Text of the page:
Method

Recognizing the discipline-specific difference in how R&R are defined and addressed, we sought to obtain an overview of how recent scholarly work treated R&R. To so do, we drew on projects conducted within Wikimedia’s “Open Science Fellows Program” (Fellowship Freies Wissen, which we will refer to as "Wikimedia Fellowship"), an interdisciplinary, long-running funding scheme for projects contributing to open research practices in Germany, Switzerland and Austria (Behrens et al. 2022). A total of 90 projects were funded through this scheme following a review procedure, comprising a substantive body of work on Open Science proposed by early-career researchers. Although each project addressed a different topic of Open Science and Scholarship, covering a broad range of methods and specific goals, the projects shared the general aim to advance Open Science.

Twelve of these projects mentioned R&R explicitly in their project titles or descriptions, which implied that they either conducted a replication or tried to enhance R&R in their specific domain by, for instance, improving infrastructure (for a complete list, see Table 1). We used these projects, which stemmed from a range of academic disciplines, as the basis for a qualitative review on how researchers think about R&R, and how their work advances the principles of R&R .

Table 1.

Overview of all Wikimedia Fellowship projects with focus on R&R. A complete list with annotations and more details on the projects can be retrieved from the OSF: https://osf.io/kqw3h/?view_only=296cae9077d146ee92d2372eed15d6c8.

Project leader Funding year Project title Academic discipline Link
Arslan, R.C. 2016/17 Reproducible websites for everyone Social Sciences https://rb.gy/nkh65t
Breznau, N. 2019/20 Giving the Results of Crowdsourced Research Back to the Crowd. A Proposal to Make Data from 'The Crowdsourced Replication Initiative' Reliable, Transparent and Interactive Social Sciences https://rb.gy/ydez7u
Brohmer, H. 2020/21 Effects of Generic Masculine and Its Gender-fair Alternatives. A Multi-lab Study Social Sciences

https://rb.gy/bwqhdu

Figueiredo, L. 2020/21 Computational notebooks as a tool for producitivty, transparency, and reproducibility Life Sciences https://rb.gy/jkv1zp
Hoffman, F.Z. 2017/18 Code, Data and Reproducibility – Open Computational Research Engineering https://rb.gy/hjaxg7
Höchenberger, R. 2017/18 Quick estimation of taste sensitivity Life Sciences https://rb.gy/ysbjlx
Lasser, J. 2019/20 Executable papers: Tools for more reproducibility and transparency in the natural sciences Natural Sciences

https://rb.gy/7dgwka

Oertel, C. 2020/21 Acceleration of quality in the humanities – chances of open source implementation in research and training Humanities https://rb.gy/arpqf2
Pethig, F. 2020/21 Data Version Control: Best Practice for Reproducible, Shareable Science? Social Sciences https://rb.gy/ihzetc
Rahal, R.-M. 2018/19 Reproducible practices make open and transparent research: An online course Social Sciences https://rb.gy/jeppln
Stutz, H. 2017/18 The Galss Tool – from development, to use, to the data set

Engineering,

Natural Sciences

https://rb.gy/bi7lxf
Truan, N. 2020/21 Digital data – mine, yours, ours? Linguistic resources about digital communication as Open Data and Open Educational Resources for (higher) education Humanities https://rb.gy/trir4h

For each of of these 12 projects, we contacted the person who received funding through the fellowship, asking for project-specific publications or deliverables. Where available, these publications were analyzed here, and supplemented using each project’s documentation on dedicated Wikiversity pages required by the funder.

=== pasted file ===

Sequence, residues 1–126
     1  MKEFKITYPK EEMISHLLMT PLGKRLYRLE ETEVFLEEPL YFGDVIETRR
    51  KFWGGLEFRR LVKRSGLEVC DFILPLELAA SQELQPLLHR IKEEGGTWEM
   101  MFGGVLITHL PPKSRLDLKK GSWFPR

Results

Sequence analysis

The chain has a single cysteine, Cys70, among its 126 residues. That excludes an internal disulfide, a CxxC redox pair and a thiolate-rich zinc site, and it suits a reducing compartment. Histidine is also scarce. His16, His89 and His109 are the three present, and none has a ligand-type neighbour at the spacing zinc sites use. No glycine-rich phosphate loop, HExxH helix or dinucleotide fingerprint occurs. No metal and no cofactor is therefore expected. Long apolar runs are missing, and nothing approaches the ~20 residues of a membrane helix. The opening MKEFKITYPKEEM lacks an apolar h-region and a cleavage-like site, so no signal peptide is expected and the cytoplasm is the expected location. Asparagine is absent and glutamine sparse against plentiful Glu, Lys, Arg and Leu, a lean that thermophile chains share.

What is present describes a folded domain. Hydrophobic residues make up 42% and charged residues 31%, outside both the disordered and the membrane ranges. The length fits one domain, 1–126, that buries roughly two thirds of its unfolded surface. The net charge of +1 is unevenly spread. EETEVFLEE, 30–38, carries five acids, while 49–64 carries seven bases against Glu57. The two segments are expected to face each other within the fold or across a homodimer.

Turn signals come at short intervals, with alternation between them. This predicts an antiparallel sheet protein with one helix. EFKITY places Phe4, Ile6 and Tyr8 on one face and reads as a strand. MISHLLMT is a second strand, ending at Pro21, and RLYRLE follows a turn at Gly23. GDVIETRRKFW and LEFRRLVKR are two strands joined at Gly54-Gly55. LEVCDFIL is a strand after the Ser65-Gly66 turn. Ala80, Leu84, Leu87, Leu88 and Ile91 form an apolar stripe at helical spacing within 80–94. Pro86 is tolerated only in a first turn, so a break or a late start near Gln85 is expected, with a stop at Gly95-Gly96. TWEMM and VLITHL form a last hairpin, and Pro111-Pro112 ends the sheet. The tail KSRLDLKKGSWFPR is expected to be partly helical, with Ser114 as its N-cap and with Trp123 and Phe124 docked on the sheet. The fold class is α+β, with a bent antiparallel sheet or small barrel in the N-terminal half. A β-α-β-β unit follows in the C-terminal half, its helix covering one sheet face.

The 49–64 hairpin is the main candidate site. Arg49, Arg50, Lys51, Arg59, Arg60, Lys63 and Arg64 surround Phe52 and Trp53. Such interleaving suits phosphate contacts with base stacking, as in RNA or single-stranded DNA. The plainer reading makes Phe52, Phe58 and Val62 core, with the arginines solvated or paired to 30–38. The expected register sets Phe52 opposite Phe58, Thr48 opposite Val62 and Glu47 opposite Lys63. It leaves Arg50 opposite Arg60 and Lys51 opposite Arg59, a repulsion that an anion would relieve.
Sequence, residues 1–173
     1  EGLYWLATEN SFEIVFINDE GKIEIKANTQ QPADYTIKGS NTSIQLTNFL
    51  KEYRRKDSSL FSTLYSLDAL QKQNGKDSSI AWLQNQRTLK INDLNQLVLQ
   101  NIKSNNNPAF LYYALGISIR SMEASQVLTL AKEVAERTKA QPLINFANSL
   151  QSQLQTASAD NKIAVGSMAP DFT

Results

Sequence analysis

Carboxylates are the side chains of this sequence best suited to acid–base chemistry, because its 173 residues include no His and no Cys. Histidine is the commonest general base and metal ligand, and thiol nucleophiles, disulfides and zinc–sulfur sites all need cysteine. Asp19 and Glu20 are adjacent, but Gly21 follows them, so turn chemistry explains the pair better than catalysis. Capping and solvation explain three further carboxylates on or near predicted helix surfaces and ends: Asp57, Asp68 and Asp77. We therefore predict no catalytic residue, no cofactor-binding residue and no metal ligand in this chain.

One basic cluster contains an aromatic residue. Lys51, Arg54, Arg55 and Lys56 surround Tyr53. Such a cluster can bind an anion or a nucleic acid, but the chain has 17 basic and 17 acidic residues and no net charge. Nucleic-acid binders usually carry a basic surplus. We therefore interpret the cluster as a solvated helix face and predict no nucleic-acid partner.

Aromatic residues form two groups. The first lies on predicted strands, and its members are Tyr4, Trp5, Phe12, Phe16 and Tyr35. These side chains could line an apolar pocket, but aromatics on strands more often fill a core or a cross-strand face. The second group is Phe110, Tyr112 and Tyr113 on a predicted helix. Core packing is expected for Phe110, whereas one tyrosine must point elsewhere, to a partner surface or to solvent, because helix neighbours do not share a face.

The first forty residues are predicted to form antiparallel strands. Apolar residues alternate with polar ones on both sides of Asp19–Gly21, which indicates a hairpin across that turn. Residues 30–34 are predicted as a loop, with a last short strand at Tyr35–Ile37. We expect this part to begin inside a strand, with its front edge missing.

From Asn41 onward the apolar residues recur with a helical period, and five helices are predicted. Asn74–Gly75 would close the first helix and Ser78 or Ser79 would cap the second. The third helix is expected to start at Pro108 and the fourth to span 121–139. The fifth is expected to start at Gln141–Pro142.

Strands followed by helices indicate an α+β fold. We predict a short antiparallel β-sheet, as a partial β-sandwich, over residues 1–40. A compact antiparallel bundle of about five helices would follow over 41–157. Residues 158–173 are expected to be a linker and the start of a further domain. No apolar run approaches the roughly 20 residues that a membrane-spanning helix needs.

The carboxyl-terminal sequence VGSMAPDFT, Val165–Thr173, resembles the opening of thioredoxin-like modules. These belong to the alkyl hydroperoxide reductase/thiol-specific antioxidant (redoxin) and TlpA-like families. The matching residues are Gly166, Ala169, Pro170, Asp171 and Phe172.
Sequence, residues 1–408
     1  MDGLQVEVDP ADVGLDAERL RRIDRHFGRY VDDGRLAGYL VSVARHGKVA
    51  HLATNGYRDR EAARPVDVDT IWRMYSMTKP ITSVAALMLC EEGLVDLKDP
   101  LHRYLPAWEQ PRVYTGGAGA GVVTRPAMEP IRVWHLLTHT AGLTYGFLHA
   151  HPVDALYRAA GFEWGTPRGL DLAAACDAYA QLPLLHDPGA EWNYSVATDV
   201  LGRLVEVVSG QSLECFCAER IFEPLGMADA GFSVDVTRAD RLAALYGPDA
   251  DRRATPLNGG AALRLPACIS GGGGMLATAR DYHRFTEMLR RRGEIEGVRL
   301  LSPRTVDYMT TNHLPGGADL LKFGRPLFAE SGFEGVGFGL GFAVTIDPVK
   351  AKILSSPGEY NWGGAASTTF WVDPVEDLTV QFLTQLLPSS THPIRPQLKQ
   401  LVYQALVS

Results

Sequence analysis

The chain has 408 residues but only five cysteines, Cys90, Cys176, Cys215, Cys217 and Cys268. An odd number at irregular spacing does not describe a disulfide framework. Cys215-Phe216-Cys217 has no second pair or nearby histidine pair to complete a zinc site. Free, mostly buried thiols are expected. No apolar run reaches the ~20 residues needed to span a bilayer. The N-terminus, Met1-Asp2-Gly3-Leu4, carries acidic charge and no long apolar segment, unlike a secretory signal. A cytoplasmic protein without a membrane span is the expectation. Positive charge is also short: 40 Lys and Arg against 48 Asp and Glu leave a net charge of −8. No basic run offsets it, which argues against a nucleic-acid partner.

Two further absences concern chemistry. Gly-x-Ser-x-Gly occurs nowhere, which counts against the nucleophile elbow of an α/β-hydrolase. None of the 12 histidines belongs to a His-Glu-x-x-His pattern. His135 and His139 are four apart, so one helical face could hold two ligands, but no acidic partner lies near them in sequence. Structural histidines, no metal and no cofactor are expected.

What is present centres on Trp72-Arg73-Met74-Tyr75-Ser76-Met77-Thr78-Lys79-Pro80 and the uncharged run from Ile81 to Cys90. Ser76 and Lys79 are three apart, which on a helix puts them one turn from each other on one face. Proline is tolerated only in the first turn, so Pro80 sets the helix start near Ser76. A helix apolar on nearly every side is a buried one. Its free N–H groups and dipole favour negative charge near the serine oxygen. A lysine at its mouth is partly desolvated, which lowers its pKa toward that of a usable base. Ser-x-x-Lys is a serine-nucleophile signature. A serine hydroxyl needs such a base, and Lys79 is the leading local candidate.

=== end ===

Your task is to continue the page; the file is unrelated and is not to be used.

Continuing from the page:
For each of the projects, one of the present authors read the existing documentation, created a short summary, and coded basic project characteristics. The dataset with our codings has been provided as a supplement to this publication. Specifically, we coded the primary research area (humanities, engineering, life science, natural sciences, or social sciences), whether the projects produced infrastructure to advance R&R, and whether they tested R&R empirically. Following this initial assessment, we defined three broad categories of projects focusing on similar aspects of R&R:

  1. opening research processes by providing infrastructure,
  2. improving methods and data, standardizing knowledge, and
  3. making knowledge accessible through education and science communication.

Finally, we synthesized from the project materials how R&R were defined or conceptualized therein; and which challenges for R&R were mentioned.

Categorizing the Projects

As described previously, we derived three broad categories to organize the projects along their contributions to R&R. In the following, we will briefly introduce the three categories along with the projects. An overview of the projects is presented in Table 1 .

Opening Research Processes by Providing Infrastructure

The four projects in this category aimed at providing guidance and practical solutions to the challenge of reproducing data and analyses of research projects within fields where large amounts of data and sophisticated (pre-)processing are common. These projects were motivated by the fact that, for example, code may not be easily linked to the output reported in the paper (especially after some time has passed), or computational environments lacked certain dependencies (i.e., software libraries) that were used in the original analyses. In the following, we will briefly summarize each project.

Felix Hoffmann’s project “Code, Data and Reproducibility - Open Computational Research” was designed to facilitate research publications in accordance with three important criteria:

  1. documentation of data and code,
  2. documentation of software libraries used, and
  3. provisioning of a computational environment.

The outcome of this project is a hands-on guide to combining Docker and Sumatra to achieve the aforementioned goals. Future work points to the application of this practical approach to Hoffman’s own research on computational neuroscience.